The Wyandotte County Board of Commissioners voted unamiously last night to approve a $12.5 Million settlement with Lamonte McIntyre who was freed from prison after serving 23 years in prison for a double murder he did not commit.
In March, McIntyre and his mother Rose McIntyre filed a civil lawsuit against the Unified government asking for $93 million in damages. The trial was scheduled to begin in October.
With the settlement, McIntyre agrees to dismiss his lawsuit.
In addition to approving the settlement, the commission also approved a resolution allowing them to issues general obligation bonds to pay for the settlement.
“This would not mean the UG is admitting to any wrong doing,” said Commissioner Gayle Townsend ahead of her vote. “It’s an expensive choice, but brings final resolution.”
McIntyre claims that a sloppy and vindictive investigation by the Kansas City, Kansas, Police Department into the slayings of Doniel Quinn and Donald Ewing resulted in his wrongful conviction. Rose McIntyre alleged that a detective in the case, Roger Golubski, sexually assaulted her in the late 1980s, continued pursuing her sexually and ultimately framed her son for the murders because she spurned him.
In March 2020, the state of Kansas settled a mistaken-conviction lawsuit filed by McIntyre. From the case, he was issued a Certificate of Innocence, his record was expunged and he received a settlement of $1.5 million.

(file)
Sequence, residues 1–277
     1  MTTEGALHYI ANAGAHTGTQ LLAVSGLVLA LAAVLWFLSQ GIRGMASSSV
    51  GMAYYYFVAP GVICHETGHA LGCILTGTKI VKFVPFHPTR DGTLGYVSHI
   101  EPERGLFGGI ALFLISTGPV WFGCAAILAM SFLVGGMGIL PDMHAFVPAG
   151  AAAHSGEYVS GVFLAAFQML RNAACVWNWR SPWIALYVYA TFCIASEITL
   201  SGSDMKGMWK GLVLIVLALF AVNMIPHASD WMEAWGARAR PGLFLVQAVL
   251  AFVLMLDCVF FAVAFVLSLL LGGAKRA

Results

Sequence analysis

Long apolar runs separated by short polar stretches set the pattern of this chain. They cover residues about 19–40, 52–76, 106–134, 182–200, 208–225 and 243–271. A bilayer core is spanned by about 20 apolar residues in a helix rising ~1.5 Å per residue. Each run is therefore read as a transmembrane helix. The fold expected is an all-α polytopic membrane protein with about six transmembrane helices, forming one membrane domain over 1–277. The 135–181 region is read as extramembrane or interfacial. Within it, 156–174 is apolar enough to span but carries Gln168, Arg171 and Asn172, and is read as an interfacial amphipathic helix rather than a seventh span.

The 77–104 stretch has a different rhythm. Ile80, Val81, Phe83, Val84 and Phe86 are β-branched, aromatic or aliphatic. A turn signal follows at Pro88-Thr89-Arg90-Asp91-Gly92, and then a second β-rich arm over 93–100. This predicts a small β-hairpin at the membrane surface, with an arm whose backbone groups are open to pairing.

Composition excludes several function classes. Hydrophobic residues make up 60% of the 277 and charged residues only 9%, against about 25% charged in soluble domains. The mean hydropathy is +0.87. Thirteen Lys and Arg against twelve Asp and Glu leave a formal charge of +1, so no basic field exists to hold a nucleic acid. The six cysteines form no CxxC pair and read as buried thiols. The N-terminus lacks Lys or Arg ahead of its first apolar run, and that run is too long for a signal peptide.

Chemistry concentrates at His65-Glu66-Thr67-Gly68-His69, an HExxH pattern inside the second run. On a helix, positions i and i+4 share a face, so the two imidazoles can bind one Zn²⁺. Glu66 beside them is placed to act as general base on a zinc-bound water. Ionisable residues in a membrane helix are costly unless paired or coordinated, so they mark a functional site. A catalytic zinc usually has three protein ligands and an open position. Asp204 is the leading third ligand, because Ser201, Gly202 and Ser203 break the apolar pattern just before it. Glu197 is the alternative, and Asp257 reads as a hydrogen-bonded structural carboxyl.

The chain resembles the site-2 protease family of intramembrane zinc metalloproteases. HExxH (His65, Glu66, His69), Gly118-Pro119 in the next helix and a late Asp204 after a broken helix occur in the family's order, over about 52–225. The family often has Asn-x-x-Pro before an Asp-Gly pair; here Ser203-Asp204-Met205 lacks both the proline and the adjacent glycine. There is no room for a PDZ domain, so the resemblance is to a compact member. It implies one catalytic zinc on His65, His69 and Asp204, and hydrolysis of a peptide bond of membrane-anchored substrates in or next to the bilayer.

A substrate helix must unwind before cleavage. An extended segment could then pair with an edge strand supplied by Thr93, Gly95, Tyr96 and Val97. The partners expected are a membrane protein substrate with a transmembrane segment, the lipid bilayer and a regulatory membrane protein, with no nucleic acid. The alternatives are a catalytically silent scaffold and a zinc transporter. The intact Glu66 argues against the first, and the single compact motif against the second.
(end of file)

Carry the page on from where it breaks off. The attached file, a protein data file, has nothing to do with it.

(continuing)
Earlier this year, officials with the Unified Government acknowledged that an ongoing federal grand jury investigation alleging widespread police corruption and the related McIntyre civil lawsuit against it could result in significant financial problems.
In a prospectus to prospective municipal bond investors, the Unified Government said that an unfavorable outcome in the McIntyre lawsuit could have a “material adverse effect” on the Unified Government’s finances and operations.
The financial risk disclosure appeared in a March 2 official statement to investors as the Unified Government sought to raise $45 million from the sale of general obligation bonds to pay for public improvements. Securities laws require government officials to disclose any significant risks that investors face if they decide to buy municipal bonds.
The document said the Unified Government faces a number of claims and lawsuits but, in the opinion of its lawyers, none of them would result in a material effect on government finances — except for the McIntyre case.